Frontal Lobes and Opposable Thumbs

Andrew Tilling gives a quick fire ‘Pecha Kucha’ (20 slides x 20 seconds) presentation on what separates us from our closest relatives, and how we can use those insights to get the best out of ourselves and others.
Andrew’s messages on understanding stakeholders comes from the Preseli methodology, The STORM Process

How to identify a target market

Two sentences I hear more than any other when working with innovators.

“There are no competitors for my idea”

and

“It’s suitable for everybody”

This is the point the klaxon sounds in my workshops, the lights flash red and I bring all discussions to a halt. Watch this 3 min video to find out how to solve this issue.

 

 

 

Everything is possible

Solutions abound. Opportunities are a dime a dozen, you can usually find several down the back of the sofa. Dreams and ideas dance around us like shining butterflies, or shoals of fish.

And then we say to ourselves, sometimes before we’ve even really noticed the idea, “It’s not possible.” Everything stops, creativity grinds to a halt, normal life is resumed.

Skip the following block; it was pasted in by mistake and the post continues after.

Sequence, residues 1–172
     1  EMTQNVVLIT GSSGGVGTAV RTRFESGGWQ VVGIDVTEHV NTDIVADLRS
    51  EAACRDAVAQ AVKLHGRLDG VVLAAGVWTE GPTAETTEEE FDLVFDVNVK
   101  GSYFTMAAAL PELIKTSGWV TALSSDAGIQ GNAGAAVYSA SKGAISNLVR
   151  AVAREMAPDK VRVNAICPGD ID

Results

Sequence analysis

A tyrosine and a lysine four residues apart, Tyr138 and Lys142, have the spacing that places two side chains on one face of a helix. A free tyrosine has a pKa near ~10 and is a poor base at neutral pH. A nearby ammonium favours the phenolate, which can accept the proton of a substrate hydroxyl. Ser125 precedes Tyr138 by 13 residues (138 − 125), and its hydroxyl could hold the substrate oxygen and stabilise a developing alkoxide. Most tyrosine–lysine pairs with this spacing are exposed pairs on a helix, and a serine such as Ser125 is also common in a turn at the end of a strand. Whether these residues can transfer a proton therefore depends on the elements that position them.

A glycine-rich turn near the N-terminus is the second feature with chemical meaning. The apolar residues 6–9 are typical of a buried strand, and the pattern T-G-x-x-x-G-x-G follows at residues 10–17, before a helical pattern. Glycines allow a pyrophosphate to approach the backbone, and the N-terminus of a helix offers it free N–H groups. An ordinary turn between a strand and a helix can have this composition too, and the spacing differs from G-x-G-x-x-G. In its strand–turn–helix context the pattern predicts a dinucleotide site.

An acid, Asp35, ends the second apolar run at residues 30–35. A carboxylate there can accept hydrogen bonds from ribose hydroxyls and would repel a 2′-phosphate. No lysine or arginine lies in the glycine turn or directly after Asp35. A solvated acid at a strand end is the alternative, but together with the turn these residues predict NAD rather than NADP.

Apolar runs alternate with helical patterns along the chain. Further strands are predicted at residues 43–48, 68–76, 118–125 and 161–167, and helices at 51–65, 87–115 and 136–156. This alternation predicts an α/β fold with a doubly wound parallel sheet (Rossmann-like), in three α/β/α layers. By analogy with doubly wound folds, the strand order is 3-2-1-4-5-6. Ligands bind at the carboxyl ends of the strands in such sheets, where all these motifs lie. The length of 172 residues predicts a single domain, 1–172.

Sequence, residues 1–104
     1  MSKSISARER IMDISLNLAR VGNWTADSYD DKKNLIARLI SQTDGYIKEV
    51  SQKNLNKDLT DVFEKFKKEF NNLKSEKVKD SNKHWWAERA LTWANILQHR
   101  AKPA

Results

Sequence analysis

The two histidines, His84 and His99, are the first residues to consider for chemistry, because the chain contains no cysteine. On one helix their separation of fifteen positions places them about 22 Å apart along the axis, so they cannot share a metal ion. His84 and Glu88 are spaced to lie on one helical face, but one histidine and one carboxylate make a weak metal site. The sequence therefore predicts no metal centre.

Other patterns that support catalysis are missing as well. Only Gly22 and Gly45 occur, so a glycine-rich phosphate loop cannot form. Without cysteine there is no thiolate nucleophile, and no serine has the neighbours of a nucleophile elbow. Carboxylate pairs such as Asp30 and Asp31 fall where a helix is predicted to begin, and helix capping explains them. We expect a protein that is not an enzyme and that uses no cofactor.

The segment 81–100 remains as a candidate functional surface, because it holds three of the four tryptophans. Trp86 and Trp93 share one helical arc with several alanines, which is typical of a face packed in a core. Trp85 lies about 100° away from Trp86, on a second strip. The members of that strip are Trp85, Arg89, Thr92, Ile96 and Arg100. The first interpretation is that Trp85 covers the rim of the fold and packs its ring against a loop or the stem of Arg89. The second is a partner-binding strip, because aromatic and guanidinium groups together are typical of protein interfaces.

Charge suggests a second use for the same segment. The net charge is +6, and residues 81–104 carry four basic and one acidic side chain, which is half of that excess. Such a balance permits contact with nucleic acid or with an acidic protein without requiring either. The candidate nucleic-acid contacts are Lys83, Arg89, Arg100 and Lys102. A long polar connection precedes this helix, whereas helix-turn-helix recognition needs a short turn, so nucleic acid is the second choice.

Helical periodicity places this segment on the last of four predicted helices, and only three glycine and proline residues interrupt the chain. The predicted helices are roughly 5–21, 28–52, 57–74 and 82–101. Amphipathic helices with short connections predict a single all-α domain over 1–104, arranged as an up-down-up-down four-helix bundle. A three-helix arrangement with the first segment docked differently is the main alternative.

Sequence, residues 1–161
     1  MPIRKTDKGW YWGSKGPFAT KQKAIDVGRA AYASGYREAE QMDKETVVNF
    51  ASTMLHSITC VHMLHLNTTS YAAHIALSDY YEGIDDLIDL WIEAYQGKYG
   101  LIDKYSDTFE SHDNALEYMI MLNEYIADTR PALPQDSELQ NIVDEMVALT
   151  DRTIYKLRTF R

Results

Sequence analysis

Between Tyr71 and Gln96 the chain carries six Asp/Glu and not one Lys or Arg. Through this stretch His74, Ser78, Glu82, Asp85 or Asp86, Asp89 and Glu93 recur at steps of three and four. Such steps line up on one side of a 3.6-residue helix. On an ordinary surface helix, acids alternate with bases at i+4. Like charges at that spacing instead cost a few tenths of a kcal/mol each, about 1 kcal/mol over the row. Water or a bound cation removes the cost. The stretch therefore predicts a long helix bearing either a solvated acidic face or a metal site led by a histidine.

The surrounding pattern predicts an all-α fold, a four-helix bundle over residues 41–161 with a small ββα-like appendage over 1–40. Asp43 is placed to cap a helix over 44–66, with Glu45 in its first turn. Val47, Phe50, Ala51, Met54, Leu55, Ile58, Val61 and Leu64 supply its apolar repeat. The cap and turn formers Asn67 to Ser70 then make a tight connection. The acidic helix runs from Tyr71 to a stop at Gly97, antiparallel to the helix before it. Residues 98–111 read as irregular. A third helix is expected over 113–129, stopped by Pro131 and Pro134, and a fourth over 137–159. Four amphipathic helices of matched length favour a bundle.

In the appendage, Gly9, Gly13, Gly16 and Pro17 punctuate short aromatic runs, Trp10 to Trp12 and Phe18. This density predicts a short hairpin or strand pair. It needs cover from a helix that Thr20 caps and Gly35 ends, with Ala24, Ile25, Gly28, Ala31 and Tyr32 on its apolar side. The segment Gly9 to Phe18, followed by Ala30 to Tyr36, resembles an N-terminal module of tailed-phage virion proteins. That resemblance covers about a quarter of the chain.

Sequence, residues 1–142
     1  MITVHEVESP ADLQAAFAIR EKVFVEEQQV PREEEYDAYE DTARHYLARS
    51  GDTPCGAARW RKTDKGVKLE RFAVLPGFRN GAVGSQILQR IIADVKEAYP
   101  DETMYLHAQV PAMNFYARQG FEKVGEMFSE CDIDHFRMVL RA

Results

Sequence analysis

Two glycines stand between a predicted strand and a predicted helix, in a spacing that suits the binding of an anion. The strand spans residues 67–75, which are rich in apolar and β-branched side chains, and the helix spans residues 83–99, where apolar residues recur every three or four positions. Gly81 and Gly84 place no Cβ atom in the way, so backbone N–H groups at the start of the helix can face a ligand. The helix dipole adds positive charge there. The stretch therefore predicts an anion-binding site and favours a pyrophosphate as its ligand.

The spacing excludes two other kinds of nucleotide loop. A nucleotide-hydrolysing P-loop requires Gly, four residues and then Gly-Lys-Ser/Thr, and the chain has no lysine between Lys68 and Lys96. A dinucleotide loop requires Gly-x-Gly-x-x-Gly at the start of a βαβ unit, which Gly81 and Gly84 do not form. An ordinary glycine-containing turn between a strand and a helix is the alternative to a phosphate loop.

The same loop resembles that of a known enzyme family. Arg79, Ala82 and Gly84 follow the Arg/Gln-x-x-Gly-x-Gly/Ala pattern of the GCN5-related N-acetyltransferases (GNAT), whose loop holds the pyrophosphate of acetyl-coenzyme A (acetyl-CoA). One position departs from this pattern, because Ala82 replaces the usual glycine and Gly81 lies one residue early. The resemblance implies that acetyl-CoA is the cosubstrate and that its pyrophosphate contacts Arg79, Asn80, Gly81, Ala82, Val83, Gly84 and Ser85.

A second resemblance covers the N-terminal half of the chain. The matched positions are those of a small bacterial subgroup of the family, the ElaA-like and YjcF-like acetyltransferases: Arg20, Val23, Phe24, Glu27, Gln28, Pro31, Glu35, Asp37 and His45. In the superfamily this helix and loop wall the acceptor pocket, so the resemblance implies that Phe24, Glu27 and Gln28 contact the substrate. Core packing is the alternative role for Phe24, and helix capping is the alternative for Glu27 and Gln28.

If we don’t believe that anything is possible, then we can’t look at things in any other way than as problems, obstacles in our way or mountains to be climbed. At best we see them as a nice fantasy to while the time away, or as the idea that we will definitely implement tomorrow just before we slide into sleep.

However, when we know that anything is possible our outlook changes. Our creativity increases, our interest and enthusiasm rise. We begin to see that change can happen, that we can do the things we want. It doesn’t matter what that is: start a new business, move to a new country, grow tomatoes. When we know that anything is possible, suddenly everything becomes possible.